To make a phone poll workable, pollsters are limiting the poll to those candidates they think are most viable.
And this can result in a flawed result, such as when SurveyUSA only included two Republican candidates out of 11 running, and found (incorrectly, mind you) that the leading candidate for the second spot in the U.S. Senate race was Patrick Little, a candidate who says he’s dedicating his life to exposing the Jews who are running this country.
Making matters worse, SurveyUSA claimed in their findings “for the first time, there is clarity on [Senator Dianne Feinstein’s] likely November opponent” without even making mention of the fact that they didn’t give Republicans the opportunity to select any of the other nine Republican candidates.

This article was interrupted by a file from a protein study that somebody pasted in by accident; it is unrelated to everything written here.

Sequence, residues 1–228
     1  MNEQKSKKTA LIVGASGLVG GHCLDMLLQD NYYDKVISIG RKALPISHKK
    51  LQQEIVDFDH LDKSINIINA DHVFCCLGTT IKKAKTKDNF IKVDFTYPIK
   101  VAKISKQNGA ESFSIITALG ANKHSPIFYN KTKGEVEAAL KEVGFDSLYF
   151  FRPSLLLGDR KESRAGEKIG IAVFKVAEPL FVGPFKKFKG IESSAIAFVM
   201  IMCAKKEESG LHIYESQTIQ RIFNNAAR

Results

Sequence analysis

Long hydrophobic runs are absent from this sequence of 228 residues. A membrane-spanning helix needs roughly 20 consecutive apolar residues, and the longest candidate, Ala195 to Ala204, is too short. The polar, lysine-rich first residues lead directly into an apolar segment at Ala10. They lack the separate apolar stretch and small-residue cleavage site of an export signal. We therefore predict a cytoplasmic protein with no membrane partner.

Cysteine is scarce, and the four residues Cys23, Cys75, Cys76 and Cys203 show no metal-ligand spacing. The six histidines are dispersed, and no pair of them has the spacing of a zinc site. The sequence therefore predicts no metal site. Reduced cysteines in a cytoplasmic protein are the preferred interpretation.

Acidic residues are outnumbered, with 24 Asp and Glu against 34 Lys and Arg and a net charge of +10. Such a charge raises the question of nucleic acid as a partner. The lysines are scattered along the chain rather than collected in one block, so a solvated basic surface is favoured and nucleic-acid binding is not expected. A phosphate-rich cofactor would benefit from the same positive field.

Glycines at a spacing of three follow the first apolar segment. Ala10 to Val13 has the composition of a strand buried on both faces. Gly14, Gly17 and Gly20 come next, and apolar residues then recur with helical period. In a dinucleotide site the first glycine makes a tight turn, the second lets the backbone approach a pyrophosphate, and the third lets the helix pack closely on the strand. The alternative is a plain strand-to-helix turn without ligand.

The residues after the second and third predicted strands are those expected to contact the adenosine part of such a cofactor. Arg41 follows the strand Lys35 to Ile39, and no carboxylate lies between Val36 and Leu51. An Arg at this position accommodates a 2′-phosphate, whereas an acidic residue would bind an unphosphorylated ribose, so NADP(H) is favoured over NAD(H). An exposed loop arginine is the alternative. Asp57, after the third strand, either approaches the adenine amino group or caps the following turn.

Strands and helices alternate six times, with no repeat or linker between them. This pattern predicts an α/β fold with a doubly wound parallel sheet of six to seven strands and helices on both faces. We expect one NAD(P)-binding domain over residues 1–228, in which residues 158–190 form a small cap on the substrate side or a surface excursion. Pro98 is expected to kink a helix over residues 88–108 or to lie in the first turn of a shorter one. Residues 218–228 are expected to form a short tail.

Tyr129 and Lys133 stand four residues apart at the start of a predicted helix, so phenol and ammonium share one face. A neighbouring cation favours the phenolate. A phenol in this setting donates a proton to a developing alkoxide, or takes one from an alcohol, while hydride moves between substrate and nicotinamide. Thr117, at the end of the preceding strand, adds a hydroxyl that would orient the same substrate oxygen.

The increased use of online surveys using emails from the voter file can present a ballot that more closely resembles what a voter will actually receive, but not all public polls are using this methodology.
Aside from these known issues with public polls, there is a new one which has been creeping into the work of pollsters, particularly in this coming gubernatorial election cycle. This has to do with the makeup of the expected electorate – what pollsters call the “weighting” of the survey.